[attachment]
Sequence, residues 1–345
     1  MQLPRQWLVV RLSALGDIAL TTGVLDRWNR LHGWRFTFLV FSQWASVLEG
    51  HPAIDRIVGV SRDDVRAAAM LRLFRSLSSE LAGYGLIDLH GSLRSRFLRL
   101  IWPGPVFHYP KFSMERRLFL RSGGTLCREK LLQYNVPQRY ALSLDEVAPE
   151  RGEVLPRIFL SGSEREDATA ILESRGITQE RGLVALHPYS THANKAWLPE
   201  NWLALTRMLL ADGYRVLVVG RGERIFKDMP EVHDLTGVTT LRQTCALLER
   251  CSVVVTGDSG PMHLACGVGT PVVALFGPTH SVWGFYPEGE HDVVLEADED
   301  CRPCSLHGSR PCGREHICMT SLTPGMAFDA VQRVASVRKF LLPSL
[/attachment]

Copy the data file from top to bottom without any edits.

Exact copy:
Sequence, residues 1–345
     1  MQLPRQWLVV RLSALGDIAL TTGVLDRWNR LHGWRFTFLV FSQWASVLEG
    51  HPAIDRIVGV SRDDVRAAAM LRLFRSLSSE LAGYGLIDLH GSLRSRFLRL
   101  IWPGPVFHYP KFSMERRLFL RSGGTLCREK LLQYNVPQRY ALSLDEVAPE
   151  RGEVLPRIFL SGSEREDATA ILESRGITQE RGLVALHPYS THANKAWLPE
   201  NWLALTRMLL ADGYRVLVVG RGERIFKDMP EVHDLTGVTT LRQTCALLER
   251  CSVVVTGDSG PMHLACGVGT PVVALFGPTH SVWGFYPEGE HDVVLEADED
   301  CRPCSLHGSR PCGREHICMT SLTPGMAFDA VQRVASVRKF LLPSL